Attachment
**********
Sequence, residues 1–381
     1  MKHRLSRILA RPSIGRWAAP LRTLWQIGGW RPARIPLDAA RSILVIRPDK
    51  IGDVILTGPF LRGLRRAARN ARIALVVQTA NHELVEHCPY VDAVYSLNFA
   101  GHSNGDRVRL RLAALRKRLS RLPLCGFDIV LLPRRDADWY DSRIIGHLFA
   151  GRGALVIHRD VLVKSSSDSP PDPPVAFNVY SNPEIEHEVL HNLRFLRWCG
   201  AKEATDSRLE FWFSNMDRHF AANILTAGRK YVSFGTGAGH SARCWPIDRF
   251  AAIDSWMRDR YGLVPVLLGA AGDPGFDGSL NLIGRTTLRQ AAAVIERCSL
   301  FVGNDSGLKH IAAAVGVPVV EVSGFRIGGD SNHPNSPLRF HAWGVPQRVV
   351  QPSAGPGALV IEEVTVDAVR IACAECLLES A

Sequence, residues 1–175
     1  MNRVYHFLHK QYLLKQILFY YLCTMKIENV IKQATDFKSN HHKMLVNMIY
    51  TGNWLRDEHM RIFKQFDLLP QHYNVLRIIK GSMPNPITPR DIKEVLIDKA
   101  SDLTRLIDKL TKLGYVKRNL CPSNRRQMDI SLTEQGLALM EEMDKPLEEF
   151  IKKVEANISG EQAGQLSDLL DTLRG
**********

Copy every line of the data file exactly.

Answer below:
Sequence, residues 1–381
     1  MKHRLSRILA RPSIGRWAAP LRTLWQIGGW RPARIPLDAA RSILVIRPDK
    51  IGDVILTGPF LRGLRRAARN ARIALVVQTA NHELVEHCPY VDAVYSLNFA
   101  GHSNGDRVRL RLAALRKRLS RLPLCGFDIV LLPRRDADWY DSRIIGHLFA
   151  GRGALVIHRD VLVKSSSDSP PDPPVAFNVY SNPEIEHEVL HNLRFLRWCG
   201  AKEATDSRLE FWFSNMDRHF AANILTAGRK YVSFGTGAGH SARCWPIDRF
   251  AAIDSWMRDR YGLVPVLLGA AGDPGFDGSL NLIGRTTLRQ AAAVIERCSL
   301  FVGNDSGLKH IAAAVGVPVV EVSGFRIGGD SNHPNSPLRF HAWGVPQRVV
   351  QPSAGPGALV IEEVTVDAVR IACAECLLES A

Sequence, residues 1–175
     1  MNRVYHFLHK QYLLKQILFY YLCTMKIENV IKQATDFKSN HHKMLVNMIY
    51  TGNWLRDEHM RIFKQFDLLP QHYNVLRIIK GSMPNPITPR DIKEVLIDKA
   101  SDLTRLIDKL TKLGYVKRNL CPSNRRQMDI SLTEQGLALM EEMDKPLEEF
   151  IKKVEANISG EQAGQLSDLL DTLRG